How did you choose your equipment?

As I surf this site and look at different systems, certain questions arise for me: What actually makes people choose one manufacturer over another? What was the influence or recommendation that made you decide on an amp from company "x" instead of company "y"? I'm guessing it's from one of these possibilities:

1) Read a review from an audio magazine: This is probably (and unfortunately), the most common way.

2) Visiting your local audio retailer: Honestly, how many of us do this anymore? The internet is a big place...

3) Hearing a friends system. This seems like the most likely way. Think about it: Brick and mortar audio stores are so scarce that it makes it difficult to go somewhere and listen to a variety of equipment. When locations to hear music are rare, going to your friends house is the most likely method. Obviously, the possibility of you purchasing one of those components increases.

4) Finding a deal on the internet without actually hearing or reading about the component: Basically, taking a chance on something.

So, what determines your decision?
For the most part option 3 for me buying, listening, reselling over and over. However over the years and  a variety of tubed gear, every time something would need repairs I would take it to Deja Vu Audio. Vu almost always gave me a loaner amp and his stuff always sounded better than whatever I was getting fixed. I now have a Deja Vu preamp and amp. All of my other gear is from Agon with the exception of a few cables.
All good recommendations.
Surprised no one has mentioned audio shows. I discovered my speakers and amp at AXPONA. Yes, there are significant sonic compromises common in a hotel room. However, after sifting through the dredge, the great setups and equipment shine - and can give some indication of what is possible. Speakers are especially revealing at shows and I would anticipate they will sound better at home. The magazines, paper or internet, fall short in covering all that is out there. And then with their predictable conclusions, are hardly reliable. But that's another subject.
What ever happened to Elizabeth? I miss her responses...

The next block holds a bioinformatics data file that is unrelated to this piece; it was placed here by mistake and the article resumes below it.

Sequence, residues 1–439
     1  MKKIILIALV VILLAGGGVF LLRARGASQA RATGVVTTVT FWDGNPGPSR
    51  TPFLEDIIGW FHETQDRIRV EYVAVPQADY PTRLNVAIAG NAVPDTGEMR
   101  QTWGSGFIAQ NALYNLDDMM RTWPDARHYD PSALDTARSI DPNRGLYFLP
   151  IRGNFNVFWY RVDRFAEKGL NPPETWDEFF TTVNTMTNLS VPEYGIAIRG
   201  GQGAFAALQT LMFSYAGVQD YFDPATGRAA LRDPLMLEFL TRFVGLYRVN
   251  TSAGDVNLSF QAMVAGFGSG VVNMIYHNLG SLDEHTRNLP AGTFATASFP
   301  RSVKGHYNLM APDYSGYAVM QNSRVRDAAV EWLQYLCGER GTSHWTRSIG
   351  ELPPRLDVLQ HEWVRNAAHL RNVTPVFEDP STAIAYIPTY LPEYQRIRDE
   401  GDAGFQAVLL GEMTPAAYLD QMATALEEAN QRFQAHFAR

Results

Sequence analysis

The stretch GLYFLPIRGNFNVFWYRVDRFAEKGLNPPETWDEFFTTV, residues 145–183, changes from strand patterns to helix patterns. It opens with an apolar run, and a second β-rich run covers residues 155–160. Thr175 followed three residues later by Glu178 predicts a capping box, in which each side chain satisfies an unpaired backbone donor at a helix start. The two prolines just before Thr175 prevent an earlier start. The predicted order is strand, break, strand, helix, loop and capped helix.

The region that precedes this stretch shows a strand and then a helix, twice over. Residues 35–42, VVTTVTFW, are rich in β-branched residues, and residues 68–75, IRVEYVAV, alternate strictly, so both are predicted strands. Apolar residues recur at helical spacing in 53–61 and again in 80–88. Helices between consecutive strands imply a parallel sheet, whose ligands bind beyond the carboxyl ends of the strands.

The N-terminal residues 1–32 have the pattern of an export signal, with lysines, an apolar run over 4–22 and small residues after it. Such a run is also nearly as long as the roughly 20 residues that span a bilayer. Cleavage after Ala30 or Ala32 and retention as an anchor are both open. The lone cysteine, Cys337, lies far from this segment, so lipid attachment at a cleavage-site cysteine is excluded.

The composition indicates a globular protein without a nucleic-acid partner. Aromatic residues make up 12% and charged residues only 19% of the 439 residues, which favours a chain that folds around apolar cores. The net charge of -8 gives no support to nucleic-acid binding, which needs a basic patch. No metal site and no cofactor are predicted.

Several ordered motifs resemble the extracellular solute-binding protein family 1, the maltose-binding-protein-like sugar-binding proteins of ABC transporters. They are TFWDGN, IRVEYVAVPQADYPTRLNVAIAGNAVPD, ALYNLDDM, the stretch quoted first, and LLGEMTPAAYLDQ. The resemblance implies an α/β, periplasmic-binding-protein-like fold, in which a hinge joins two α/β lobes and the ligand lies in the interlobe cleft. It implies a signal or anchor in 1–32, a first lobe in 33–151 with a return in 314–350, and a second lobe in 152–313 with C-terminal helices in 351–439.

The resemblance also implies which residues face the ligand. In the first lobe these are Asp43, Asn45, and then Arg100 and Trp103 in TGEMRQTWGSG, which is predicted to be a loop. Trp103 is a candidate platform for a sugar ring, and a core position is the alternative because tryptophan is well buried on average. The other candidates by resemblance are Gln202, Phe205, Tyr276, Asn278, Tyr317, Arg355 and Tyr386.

>11-21-2008 8:29am
>I place all the pictures of stereo stuff spread out on the
>garage floor. I put a chicken in the garage. Whichever
>picture the chicken shits on.. THAT is the equipment I buy.
Ah yes, the old "chicken sh-ts on the picture of the hifi toy" trick!   Works every time!
Most of the components in my system have never been reviewed by either a paper publication or an on-line publication or were reviewed long after I had already made my purchase.  There are far too many components that sound really bad, based on my particular taste, that get rave reviews for me to treat reviews as a reliable source of information on sound.  Reviews can provide other useful information--such as features, connection/compatibility with other gear, potential problem areas to look out for--but sound quality is far to personal for reviews to be of much help.  I also audition the gear in my own system if that is at all practical.

The one notable exception to actually auditioning gear was my choice of turntable/tonearm.  It was not practical for me to audition different tables in my own system so I relied on the advice of a friend who is in the industry that has heard practically everything out there.  He strongly recommended the Basis Debut table and Vector tonearm that I ended up purchasing (his company has no association with these products).

The other sort of exception is my Naim NDS/Uniti music server.  While I did get to hear it in another system, my choice of that server took into consideration the fact that I already owned the expensive power supply needed for the NDS (I already owned a Naim 555 CD player); I could not pass up the "savings."

Jond, I agree about the remarkable sound of Deja Vu gear.  That store sells a lot of expensive gear that has been turned in in trade for their house brand of gear.  A lot of times the trade-in item is so much more expensive than the Deja Vu gear that the buyer wants that the store ends up actually paying out cash or credit for the trade (the used gear is sold on audiogon or ebay).

Papermill, I agree that shows are a great way to be at least introduced to potential candidates.  While one should not write off something that sounds bad at a show, something that sounds good obviously has the potential to also sound good in one's system.  There really is no practical way to hear a wide range of candidates in a short enough time span to make meaningful comparisons outside of a show.